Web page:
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Glucosamine and Chondroitin May Lower Biomarker of Inflammation

Systemic inflammation is common in individuals who are overweight or obese and has been linked with higher risk of chronic disease. A recent study suggests that taking glucosamine hydrochloride and chondroitin sulfate may reduce levels of the inflammation biomarker C-reactive protein in overweight people.


Participants in the study included 18 otherwise healthy overweight men and women who were given either 1,500 mg of glucosamine hydrochloride and 1,200 mg chondroitin sulfate or a placebo daily for 28 days. At the conclusion of the study, the researchers found that the supplement group had a 23% reduction in C-reactive protein when compared with the placebo.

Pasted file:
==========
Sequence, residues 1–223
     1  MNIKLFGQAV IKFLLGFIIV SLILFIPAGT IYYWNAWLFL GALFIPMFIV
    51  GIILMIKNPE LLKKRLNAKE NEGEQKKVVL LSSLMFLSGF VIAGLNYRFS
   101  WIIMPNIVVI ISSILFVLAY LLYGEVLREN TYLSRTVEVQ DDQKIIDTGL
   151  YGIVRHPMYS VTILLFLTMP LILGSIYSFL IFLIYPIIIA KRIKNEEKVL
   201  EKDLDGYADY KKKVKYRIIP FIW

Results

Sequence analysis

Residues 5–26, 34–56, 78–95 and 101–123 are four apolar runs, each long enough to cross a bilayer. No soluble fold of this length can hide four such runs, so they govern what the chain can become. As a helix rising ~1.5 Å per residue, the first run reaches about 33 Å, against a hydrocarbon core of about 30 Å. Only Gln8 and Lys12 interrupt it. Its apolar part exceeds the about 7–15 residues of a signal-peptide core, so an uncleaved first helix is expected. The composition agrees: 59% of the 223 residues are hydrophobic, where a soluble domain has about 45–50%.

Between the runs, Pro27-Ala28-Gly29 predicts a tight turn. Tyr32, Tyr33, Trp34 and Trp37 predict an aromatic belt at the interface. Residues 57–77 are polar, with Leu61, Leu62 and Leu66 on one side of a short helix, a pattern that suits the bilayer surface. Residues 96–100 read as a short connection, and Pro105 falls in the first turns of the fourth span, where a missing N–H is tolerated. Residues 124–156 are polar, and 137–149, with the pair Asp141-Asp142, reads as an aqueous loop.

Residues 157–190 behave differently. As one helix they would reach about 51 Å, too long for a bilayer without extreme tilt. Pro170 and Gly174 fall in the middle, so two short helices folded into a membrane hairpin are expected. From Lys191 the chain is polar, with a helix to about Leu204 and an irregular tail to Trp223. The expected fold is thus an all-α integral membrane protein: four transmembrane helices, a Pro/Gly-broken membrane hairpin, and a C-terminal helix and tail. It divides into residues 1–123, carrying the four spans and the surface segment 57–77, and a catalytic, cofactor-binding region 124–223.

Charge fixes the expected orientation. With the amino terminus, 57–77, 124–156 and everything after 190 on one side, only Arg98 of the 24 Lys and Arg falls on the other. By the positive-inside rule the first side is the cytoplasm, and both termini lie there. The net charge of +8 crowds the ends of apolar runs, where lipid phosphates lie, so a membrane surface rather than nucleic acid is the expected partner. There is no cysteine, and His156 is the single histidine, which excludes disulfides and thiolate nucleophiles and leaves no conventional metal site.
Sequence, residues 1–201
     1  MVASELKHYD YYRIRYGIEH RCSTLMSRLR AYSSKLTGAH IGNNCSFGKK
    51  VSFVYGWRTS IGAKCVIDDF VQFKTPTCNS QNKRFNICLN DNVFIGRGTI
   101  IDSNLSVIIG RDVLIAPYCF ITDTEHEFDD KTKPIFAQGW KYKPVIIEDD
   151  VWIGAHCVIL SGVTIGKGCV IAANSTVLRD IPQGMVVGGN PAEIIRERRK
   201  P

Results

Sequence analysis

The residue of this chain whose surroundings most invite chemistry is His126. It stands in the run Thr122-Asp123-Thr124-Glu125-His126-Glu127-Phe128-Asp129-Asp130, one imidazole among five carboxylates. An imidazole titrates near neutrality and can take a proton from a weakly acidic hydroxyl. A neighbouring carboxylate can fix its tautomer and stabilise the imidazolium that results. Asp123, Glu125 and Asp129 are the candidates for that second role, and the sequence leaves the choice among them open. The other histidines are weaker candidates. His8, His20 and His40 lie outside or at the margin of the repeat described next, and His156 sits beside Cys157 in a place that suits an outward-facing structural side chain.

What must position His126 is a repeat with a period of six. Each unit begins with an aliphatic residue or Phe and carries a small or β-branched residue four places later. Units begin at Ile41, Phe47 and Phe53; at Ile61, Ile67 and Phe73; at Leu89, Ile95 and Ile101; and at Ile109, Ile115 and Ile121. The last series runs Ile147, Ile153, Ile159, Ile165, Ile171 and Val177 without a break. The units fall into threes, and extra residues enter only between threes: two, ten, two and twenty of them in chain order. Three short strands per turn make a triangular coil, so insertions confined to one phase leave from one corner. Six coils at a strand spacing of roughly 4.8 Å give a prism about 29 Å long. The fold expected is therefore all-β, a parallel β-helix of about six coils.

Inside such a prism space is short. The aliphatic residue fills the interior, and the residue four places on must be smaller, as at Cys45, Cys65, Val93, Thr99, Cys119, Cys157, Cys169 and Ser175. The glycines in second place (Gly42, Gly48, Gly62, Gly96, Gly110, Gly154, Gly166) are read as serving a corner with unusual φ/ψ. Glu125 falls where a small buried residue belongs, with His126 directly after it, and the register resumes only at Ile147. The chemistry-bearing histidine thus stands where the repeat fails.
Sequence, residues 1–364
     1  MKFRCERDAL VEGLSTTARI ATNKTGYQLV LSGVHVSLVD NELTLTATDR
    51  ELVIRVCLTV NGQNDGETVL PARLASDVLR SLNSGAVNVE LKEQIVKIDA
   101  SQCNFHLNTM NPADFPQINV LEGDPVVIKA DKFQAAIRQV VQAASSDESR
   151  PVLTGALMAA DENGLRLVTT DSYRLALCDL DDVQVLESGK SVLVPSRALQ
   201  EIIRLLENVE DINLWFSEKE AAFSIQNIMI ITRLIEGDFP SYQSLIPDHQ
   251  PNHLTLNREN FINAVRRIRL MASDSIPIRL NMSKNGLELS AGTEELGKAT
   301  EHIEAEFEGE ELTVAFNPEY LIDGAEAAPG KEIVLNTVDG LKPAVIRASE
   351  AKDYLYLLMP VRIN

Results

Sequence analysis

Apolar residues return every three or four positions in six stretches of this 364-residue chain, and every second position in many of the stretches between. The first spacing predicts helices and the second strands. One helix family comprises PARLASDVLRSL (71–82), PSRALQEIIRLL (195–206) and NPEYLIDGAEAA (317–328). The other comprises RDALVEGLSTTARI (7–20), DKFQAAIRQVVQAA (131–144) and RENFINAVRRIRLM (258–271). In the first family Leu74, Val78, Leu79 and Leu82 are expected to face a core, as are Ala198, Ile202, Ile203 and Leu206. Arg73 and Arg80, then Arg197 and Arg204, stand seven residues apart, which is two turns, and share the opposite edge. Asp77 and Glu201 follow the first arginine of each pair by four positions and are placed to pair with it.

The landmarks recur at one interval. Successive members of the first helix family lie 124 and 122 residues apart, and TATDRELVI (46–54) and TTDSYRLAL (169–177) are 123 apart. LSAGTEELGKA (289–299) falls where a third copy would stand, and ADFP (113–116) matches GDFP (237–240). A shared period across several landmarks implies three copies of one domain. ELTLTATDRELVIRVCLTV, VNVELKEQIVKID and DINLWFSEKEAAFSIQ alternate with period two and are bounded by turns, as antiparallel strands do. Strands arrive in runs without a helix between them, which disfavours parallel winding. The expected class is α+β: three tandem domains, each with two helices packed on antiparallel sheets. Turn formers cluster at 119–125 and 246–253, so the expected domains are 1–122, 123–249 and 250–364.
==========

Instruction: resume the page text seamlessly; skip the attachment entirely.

Researchers from the Fred Hutchinson Cancer Research Center in Seattle, Harvard School of Public Health, and Vanderbilt University conducted the study. It was published on February 26, 2015, in PLoS ONE.


Glucosamine is produced naturally in the body and helps with joint function. Glucosamine supplements have been found to help with osteoarthritis, reducing joint pain and improving joint function.


Chondroitin is found in and around the cells of cartilage, and provides cartilage with strength and resilience. Previous research has found that chondroitin may help ease the pain of arthritis and osteoporosis, lower cholesterol and possibly help with ulcerative colitis and Crohn’s disease.

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